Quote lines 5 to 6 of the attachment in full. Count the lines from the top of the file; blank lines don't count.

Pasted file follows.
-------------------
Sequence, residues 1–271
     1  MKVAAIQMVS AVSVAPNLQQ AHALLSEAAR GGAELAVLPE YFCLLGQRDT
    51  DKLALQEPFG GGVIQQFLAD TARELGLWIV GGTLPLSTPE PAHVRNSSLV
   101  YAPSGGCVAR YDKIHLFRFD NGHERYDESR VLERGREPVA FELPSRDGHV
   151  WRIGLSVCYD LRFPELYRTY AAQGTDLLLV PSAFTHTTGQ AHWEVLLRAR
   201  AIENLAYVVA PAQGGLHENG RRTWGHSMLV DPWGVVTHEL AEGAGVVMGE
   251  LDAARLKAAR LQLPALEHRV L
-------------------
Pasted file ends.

   151  WRIGLSVCYD LRFPELYRTY AAQGTDLLLV PSAFTHTTGQ AHWEVLLRAR
   201  AIENLAYVVA PAQGGLHENG RRTWGHSMLV DPWGVVTHEL AEGAGVVMGE